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US to brace for the ‘perfect storm’ of infectious diseases

Virus expert warns the US to brace for the ‘perfect storm’ of infectious diseases this fall when COVID-19 cases combine with flu season

  • Virologist Dr Joseph Fair has warned coronavirus combined with flu season later this year will be the ‘perfect storm’ of infectious diseases 
  • His warning came after CDC director said a second wave of COVID-19 cases next winter could be even more difficult than the current pandemic in the US 
  • Dr Fair said increased testing, combined with social distancing measures, was how the US would beat the current pandemic
  • It follows news that two people died with the coronavirus in California weeks before the first reported death from the disease
  • Dr Fair said it is likely even earlier dates of community spread will be uncovered 
  • Here’s how to help people impacted by Covid-19

Coronavirus combined with flu season later this year will be the ‘perfect storm’ of infectious diseases, a virus expert has warned. 

Virologist Dr Joseph Fair’s warning came after the director of the CDC said a second wave of COVID-19 cases next winter could be even more difficult than the current pandemic in the US. 

‘Fall is typically when we have our worst flu season,’ Dr Fair told told NBC’s Today on Wednesday. 

‘If you couple that with an ongoing outbreak of COVID-19… it’s going make for the perfect storm of infectious disease and overloading of hospital wards.

‘The good news is hopefully we’ll have enough testing by then. It will give us time to catch up on ventilators and PPE production.’ 

Virologist Dr Joseph Fair’s warning came after the director of the CDC said a second wave of COVID-19 cases next winter could be even more difficult than the current pandemic in the US

Dr Fair said increased testing, combined with social distancing measures, was how the US would beat the current pandemic.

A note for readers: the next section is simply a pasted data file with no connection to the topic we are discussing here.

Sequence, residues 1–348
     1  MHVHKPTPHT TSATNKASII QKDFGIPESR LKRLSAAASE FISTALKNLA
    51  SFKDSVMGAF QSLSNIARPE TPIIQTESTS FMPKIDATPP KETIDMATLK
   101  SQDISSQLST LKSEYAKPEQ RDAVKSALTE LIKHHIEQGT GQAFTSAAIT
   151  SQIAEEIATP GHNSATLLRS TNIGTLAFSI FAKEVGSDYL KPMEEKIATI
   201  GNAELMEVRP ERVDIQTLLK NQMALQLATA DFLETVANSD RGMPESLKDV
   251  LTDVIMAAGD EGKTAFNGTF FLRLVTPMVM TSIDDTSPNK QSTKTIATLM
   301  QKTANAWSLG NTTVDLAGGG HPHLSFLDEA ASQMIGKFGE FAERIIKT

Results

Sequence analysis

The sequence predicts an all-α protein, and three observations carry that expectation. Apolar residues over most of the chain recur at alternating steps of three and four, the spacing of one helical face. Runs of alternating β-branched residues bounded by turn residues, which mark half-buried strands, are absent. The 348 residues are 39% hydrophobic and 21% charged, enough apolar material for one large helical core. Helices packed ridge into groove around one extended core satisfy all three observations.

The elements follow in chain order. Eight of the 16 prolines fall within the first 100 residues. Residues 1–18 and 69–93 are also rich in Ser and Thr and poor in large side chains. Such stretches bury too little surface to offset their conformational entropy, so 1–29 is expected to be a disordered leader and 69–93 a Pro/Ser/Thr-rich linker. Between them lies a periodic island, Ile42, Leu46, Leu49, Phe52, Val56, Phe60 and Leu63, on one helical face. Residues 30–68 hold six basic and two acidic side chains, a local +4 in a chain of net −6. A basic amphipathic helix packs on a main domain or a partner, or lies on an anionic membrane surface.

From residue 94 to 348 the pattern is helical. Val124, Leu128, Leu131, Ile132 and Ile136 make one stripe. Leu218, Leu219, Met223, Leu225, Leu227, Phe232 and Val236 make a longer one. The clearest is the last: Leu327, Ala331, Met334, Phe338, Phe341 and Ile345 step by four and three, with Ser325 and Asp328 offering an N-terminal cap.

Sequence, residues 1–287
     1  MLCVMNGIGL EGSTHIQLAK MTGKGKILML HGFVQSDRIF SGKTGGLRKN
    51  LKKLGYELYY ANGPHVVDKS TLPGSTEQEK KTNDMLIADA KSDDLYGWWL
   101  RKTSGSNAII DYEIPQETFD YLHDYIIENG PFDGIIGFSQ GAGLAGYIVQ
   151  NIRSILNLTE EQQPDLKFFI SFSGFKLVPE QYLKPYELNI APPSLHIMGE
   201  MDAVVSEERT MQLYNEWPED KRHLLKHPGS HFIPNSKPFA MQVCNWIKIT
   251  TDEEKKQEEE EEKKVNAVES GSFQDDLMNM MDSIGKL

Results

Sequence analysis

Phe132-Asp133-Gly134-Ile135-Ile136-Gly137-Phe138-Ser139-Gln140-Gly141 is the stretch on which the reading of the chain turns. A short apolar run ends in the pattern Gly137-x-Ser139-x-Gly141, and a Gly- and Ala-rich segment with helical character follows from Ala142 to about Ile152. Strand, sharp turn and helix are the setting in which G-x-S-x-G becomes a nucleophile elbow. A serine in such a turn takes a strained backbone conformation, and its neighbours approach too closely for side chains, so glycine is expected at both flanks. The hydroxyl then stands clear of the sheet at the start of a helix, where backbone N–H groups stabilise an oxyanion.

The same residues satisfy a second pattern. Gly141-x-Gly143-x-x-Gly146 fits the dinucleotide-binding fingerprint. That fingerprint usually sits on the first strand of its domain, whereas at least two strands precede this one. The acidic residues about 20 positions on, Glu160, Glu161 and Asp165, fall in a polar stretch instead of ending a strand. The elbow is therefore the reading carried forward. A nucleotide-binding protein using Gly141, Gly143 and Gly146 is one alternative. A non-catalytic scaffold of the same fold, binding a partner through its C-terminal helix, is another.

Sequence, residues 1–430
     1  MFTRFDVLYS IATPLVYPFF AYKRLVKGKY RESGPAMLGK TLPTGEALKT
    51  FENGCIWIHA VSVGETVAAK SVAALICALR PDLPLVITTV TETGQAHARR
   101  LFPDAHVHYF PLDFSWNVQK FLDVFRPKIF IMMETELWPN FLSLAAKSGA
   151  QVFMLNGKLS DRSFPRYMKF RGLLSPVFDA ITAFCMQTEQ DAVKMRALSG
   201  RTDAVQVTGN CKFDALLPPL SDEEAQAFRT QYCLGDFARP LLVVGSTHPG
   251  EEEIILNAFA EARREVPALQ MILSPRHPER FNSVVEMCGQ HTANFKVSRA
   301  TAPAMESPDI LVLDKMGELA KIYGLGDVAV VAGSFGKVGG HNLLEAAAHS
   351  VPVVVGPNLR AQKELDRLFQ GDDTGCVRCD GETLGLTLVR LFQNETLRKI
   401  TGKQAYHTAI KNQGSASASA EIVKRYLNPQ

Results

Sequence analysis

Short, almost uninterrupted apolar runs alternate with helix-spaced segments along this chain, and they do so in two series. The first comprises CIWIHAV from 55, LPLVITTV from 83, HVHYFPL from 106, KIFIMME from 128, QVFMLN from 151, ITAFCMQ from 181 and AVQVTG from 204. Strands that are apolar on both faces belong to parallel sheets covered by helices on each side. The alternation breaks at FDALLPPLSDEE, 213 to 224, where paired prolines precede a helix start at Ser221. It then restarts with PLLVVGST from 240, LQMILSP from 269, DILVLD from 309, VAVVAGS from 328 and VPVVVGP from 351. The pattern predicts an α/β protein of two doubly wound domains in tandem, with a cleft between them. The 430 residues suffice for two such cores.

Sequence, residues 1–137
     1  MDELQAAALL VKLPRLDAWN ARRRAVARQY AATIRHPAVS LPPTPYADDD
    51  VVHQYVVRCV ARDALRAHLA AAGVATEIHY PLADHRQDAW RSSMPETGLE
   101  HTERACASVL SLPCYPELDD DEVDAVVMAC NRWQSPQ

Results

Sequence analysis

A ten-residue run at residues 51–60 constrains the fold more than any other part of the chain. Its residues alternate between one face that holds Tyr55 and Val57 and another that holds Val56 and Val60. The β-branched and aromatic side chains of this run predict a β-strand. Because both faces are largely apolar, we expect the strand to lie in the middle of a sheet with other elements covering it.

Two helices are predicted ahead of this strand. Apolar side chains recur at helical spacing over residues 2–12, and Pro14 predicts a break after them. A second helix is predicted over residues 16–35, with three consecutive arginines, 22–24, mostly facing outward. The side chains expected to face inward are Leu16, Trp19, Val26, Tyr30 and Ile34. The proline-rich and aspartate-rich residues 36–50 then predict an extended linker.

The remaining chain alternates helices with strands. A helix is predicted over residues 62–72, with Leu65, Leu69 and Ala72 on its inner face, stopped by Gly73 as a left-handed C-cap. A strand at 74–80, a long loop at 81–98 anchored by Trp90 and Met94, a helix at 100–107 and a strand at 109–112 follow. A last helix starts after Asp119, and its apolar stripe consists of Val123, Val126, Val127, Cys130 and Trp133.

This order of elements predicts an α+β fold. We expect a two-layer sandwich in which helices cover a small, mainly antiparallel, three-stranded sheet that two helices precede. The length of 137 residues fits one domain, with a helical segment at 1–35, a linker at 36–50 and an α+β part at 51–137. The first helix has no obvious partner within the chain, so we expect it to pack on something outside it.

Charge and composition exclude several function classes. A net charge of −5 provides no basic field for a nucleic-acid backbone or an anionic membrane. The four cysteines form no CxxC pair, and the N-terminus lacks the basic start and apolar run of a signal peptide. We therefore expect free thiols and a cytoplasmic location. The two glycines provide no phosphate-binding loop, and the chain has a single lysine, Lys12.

‘Outbreaks really begin and end with diagnostics… that’s how we’re actually going to stop this outbreak, combined with the social distancing measures and ultimately, a vaccine,’ he said. 

Following news that two people died with the coronavirus in California weeks before the first reported death from the disease, Dr Fair said it is likely even earlier dates of community spread will be uncovered. 

‘That’s not uncommon for any outbreak. We’ll always look for the index case. We always go back and look for the one that didn’t make our radar screen,’ he said of the earlier COVID-19 deaths. 

‘Community spread was ongoing much earlier that we thought. I’m sure we’ll find even earlier dates.’

Health officials in Santa Clara County said on Tuesday that two people died at home on February 6 and February 17. 

The first confirmed US death from the virus was reported on February 29 in Kirkland, Washington. 

The Medical Examiner-Coroner, however, received confirmation on Tuesday that tissue samples sent to the CDC for the prior two deaths had tested positive for the virus. 

The death toll in the US now stands at more than 45,000 – the highest in the world – with more than 820,000 confirmed infections.

The true figures, however, are believed to be much higher, in part, because of limited testing and difficulties in counting the dead. 

All 50 states in the US have now reported deaths due to coronavirus after Wyoming announced its first fatality earlier this month.

Washington was the epicenter of the country’s initial outbreak.

It had recorded the first known coronavirus case in the US and also the first few deaths of the pandemic before it started spreading rapidly across the country. 

The state recorded its first known coronavirus case – and the first in the US – on January 21 after a patient returned from Wuhan, China where the global outbreak initially started.

The director of the federal Centers for Disease Control and Prevention Robert Redfield, pictured, said Tuesday a second wave of coronavirus next winter could be 'even more difficult'

The director of the federal Centers for Disease Control and Prevention Robert Redfield, pictured, said Tuesday a second wave of coronavirus next winter could be ‘even more difficult’

 



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